Respondent was in a relationship with petitioner’s husband, which petitioner did not know until she intercepted a text message from respondent to her husband. After that, respondent and petitioner began communicating, exchanging written messages and voice messages via Facebook Messenger over a five-month period. The exchanges became increasingly hostile.
Petition for PPO
According to petitioner, respondent sent petitioner’s husband a picture of herself holding a big knife and a text that read: this is for y’all. Petitioner, provoked by respondent’s picture and text, filed a petition for a PPO against respondent. That same day, the trial court issued a PPO stating that such an order was appropriate because respondent had participated in repeated threatening and harassing behavior against petitioner.
By its terms, the PPO was immediately enforceable and would remain in effect until March 3, 2022.
Motion to Terminate PPO
Respondent moved to terminate the PPO, so a hearing on that motion was scheduled.
After filing the motion to terminate, respondent then drove a friend to petitioner’s home, to serve petitioner with the motion. When respondent arrived at petitioner’s house, she parked in front of a neighbor’s house. Respondent stayed in her car as her friend walked to petitioner’s porch and introduced herself to petitioner as someone from the court. Respondent’s friend attempted to serve petitioner with the motion, but petitioner refused to accept the paperwork.
Petitioner informed respondent’s friend that respondent could not be on her property. At this point, respondent left her car, walked to stand on petitioner’s driveway, and yelled at her friend to place the paperwork in petitioner’s mailbox. When petitioner informed respondent that she was calling the police, respondent dismissed her. The interaction lasted three to four minutes, and a recording of the interaction, as well as a picture showing respondent standing on petitioner’s driveway, was captured by petitioner’s house camera, and provided to law-enforcement officers.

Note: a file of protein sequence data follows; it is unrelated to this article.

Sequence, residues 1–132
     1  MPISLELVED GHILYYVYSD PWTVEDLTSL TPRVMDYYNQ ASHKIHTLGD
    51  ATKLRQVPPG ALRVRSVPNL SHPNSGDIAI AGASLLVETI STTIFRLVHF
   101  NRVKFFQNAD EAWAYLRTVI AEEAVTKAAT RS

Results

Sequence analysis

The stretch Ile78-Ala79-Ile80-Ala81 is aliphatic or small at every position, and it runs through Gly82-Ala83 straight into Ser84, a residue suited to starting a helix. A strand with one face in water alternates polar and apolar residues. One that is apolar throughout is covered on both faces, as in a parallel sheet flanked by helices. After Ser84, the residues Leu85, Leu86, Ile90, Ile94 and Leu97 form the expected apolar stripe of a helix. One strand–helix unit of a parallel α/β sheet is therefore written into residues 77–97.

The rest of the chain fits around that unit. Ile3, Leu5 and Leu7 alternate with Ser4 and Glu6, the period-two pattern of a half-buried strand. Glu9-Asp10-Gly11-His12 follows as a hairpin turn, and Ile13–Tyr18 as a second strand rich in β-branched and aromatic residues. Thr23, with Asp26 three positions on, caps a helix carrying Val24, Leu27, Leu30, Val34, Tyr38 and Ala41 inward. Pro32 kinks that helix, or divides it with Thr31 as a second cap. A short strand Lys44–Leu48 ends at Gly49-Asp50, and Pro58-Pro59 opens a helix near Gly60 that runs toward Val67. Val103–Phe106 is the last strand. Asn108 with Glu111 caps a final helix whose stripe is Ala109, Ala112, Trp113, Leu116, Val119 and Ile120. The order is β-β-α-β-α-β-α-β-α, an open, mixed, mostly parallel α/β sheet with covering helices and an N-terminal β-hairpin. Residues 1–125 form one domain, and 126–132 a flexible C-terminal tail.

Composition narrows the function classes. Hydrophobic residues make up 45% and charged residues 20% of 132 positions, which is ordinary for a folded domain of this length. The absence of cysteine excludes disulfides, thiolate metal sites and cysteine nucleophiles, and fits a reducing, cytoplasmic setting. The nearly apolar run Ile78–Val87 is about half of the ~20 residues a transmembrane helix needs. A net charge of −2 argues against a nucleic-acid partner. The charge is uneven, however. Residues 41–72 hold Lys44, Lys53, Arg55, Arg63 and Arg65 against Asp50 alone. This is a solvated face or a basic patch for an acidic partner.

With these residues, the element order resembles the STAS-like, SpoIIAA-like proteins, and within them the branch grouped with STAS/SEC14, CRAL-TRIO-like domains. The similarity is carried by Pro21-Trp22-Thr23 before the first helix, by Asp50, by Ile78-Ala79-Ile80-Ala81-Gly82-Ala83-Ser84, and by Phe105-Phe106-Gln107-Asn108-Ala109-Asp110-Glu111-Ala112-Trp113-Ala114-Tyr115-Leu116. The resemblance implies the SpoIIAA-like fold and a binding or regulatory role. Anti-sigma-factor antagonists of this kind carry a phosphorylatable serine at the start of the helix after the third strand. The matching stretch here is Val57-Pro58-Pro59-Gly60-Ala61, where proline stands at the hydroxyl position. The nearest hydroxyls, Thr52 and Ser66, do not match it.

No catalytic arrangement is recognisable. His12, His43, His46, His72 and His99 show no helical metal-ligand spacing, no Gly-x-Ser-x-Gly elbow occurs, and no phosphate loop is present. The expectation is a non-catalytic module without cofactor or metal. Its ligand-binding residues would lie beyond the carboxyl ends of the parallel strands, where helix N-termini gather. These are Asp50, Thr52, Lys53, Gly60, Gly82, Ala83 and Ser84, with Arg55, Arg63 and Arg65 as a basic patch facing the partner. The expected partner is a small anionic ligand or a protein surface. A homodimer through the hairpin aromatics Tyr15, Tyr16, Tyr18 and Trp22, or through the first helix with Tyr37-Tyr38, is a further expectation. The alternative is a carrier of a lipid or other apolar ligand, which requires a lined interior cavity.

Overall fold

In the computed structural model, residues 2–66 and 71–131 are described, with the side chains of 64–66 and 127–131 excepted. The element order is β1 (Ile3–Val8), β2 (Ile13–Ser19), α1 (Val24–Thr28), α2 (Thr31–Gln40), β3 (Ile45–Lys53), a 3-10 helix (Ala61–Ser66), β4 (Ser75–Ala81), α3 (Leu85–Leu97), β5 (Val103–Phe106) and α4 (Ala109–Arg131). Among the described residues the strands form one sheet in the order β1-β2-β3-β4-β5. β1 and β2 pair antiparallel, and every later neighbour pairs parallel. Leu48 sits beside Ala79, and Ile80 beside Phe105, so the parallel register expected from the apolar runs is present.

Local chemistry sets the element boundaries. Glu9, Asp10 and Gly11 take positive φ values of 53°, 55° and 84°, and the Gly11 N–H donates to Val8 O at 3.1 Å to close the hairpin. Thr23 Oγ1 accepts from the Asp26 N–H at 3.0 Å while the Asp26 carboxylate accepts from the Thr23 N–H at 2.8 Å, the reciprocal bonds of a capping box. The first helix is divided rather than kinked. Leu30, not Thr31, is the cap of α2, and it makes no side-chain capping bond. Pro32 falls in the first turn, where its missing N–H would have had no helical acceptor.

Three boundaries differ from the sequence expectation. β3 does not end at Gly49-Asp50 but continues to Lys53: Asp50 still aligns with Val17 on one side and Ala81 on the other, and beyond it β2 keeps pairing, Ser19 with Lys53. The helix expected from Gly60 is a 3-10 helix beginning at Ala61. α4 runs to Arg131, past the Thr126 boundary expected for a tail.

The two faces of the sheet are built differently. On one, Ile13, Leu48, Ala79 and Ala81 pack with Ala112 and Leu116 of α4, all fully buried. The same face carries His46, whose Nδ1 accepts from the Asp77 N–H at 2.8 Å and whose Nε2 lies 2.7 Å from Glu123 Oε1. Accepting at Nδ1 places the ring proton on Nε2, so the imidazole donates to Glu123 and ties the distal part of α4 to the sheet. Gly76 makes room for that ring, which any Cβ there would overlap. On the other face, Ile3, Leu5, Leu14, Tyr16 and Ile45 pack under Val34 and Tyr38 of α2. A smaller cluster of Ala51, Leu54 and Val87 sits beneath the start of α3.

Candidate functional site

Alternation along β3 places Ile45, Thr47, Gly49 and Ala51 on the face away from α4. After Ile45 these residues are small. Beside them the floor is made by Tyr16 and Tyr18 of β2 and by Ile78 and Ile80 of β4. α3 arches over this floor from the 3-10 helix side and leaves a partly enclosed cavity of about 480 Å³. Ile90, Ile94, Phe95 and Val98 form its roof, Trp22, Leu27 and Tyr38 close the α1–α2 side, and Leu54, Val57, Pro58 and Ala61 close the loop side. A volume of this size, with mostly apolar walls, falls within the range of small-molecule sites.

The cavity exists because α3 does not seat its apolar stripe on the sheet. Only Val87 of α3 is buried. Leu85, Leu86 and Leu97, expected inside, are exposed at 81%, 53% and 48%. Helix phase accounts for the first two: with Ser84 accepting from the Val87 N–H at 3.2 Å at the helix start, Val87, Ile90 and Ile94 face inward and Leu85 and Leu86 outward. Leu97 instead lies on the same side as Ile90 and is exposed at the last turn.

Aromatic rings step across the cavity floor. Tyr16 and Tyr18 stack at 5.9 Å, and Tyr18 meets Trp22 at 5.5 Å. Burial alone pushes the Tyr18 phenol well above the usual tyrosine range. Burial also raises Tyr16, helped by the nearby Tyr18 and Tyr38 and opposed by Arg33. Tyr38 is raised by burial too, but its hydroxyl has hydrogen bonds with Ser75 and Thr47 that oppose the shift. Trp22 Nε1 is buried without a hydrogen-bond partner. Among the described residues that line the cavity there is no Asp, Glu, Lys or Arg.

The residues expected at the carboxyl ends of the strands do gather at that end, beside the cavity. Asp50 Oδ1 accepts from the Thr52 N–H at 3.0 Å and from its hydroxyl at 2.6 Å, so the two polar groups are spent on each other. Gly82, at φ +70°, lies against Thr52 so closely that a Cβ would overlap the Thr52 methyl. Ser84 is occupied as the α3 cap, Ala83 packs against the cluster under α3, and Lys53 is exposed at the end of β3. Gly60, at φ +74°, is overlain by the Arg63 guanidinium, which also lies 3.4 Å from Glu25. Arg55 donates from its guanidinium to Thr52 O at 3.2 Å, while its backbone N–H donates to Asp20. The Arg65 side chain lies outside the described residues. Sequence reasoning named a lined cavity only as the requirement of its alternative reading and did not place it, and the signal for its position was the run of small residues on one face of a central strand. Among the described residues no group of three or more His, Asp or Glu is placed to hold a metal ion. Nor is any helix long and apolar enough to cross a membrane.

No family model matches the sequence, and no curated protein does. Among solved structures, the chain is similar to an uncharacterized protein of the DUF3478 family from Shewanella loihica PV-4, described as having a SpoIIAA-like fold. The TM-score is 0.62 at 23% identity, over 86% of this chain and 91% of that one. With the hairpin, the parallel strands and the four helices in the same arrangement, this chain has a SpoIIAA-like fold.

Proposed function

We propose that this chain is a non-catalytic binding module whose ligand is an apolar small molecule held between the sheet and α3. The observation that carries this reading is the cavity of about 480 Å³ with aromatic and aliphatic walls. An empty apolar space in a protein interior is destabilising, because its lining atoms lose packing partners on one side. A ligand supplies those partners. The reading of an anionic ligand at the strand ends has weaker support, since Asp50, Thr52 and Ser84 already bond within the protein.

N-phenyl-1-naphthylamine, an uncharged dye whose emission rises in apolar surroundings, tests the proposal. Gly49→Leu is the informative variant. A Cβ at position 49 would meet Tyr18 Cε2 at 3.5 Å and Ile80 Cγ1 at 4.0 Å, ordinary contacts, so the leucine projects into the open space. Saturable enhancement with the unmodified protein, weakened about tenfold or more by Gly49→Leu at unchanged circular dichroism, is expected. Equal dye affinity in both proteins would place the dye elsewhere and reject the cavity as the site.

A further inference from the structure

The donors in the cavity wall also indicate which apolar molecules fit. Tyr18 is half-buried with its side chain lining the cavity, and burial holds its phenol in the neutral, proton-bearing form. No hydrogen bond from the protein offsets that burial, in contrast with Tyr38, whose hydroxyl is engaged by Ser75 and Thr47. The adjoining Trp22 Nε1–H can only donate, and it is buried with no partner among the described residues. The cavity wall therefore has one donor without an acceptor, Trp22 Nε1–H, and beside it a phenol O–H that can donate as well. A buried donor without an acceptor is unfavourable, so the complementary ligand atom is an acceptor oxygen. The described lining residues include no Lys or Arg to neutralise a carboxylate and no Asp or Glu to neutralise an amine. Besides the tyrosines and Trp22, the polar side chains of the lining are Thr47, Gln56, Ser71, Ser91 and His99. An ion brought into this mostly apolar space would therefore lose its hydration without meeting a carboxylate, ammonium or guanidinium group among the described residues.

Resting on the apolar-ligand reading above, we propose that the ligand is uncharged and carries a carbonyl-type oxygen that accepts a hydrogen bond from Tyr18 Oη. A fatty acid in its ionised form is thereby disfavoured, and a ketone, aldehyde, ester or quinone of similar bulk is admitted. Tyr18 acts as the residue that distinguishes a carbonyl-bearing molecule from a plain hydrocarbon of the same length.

The trial court explained that there were three matters scheduled for review: (1) petitioner’s motion and order to show cause for contempt for violating a personal protection order; (2) petitioner’s motion to increase the restrictions on contact; and (3) respondent’s motion to terminate the personal protection order.
The trial court conducted the show-cause hearing, which resulted in a finding of criminal contempt for violating the PPO. The trial court sentenced respondent to a 7- day jail term and a $100 fine but suspended the jail term absent further violations of the PPO and directed respondent to have her fingerprints taken.
The trial court ruled that it was not granting the order to expand the PPO and was terminating the PPO for failure to meet the legal burden because circumstances did not exist which would continue the term of the PPO. The court believed it was not a matter for a personal protection order. Neither petitioner or respondent was afraid or intimidated or harassed. They were harassing each other. But the trial court stated that the termination of the PPO does not negate the contempt finding because the PPO was in effect at the time respondent violated it. Thus, the suspended sentence of 7 days in jail and the $100 fine remained in place.
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